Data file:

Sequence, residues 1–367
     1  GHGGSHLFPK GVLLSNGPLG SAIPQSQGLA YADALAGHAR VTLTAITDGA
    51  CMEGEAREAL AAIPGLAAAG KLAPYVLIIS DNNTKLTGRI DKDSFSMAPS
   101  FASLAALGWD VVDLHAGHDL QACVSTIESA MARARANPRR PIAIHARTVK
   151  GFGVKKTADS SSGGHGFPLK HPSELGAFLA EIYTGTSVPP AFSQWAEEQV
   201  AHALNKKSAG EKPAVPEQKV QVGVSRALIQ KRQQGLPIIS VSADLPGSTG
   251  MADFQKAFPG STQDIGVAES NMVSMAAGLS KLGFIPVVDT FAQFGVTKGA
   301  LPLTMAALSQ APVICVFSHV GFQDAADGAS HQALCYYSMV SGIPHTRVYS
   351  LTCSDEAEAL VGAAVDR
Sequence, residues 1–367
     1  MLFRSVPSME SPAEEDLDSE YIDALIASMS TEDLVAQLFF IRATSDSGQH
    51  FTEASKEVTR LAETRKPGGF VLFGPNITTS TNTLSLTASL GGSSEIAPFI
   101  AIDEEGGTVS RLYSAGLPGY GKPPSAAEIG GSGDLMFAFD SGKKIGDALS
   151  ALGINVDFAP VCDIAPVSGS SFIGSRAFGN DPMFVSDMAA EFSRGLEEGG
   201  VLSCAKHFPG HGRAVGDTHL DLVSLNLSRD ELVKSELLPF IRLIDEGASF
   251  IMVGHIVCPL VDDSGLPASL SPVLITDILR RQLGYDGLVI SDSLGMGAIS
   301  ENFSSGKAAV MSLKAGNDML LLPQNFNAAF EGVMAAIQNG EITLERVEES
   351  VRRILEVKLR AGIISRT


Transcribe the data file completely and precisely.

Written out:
Sequence, residues 1–367
     1  GHGGSHLFPK GVLLSNGPLG SAIPQSQGLA YADALAGHAR VTLTAITDGA
    51  CMEGEAREAL AAIPGLAAAG KLAPYVLIIS DNNTKLTGRI DKDSFSMAPS
   101  FASLAALGWD VVDLHAGHDL QACVSTIESA MARARANPRR PIAIHARTVK
   151  GFGVKKTADS SSGGHGFPLK HPSELGAFLA EIYTGTSVPP AFSQWAEEQV
   201  AHALNKKSAG EKPAVPEQKV QVGVSRALIQ KRQQGLPIIS VSADLPGSTG
   251  MADFQKAFPG STQDIGVAES NMVSMAAGLS KLGFIPVVDT FAQFGVTKGA
   301  LPLTMAALSQ APVICVFSHV GFQDAADGAS HQALCYYSMV SGIPHTRVYS
   351  LTCSDEAEAL VGAAVDR
Sequence, residues 1–367
     1  MLFRSVPSME SPAEEDLDSE YIDALIASMS TEDLVAQLFF IRATSDSGQH
    51  FTEASKEVTR LAETRKPGGF VLFGPNITTS TNTLSLTASL GGSSEIAPFI
   101  AIDEEGGTVS RLYSAGLPGY GKPPSAAEIG GSGDLMFAFD SGKKIGDALS
   151  ALGINVDFAP VCDIAPVSGS SFIGSRAFGN DPMFVSDMAA EFSRGLEEGG
   201  VLSCAKHFPG HGRAVGDTHL DLVSLNLSRD ELVKSELLPF IRLIDEGASF
   251  IMVGHIVCPL VDDSGLPASL SPVLITDILR RQLGYDGLVI SDSLGMGAIS
   301  ENFSSGKAAV MSLKAGNDML LLPQNFNAAF EGVMAAIQNG EITLERVEES
   351  VRRILEVKLR AGIISRT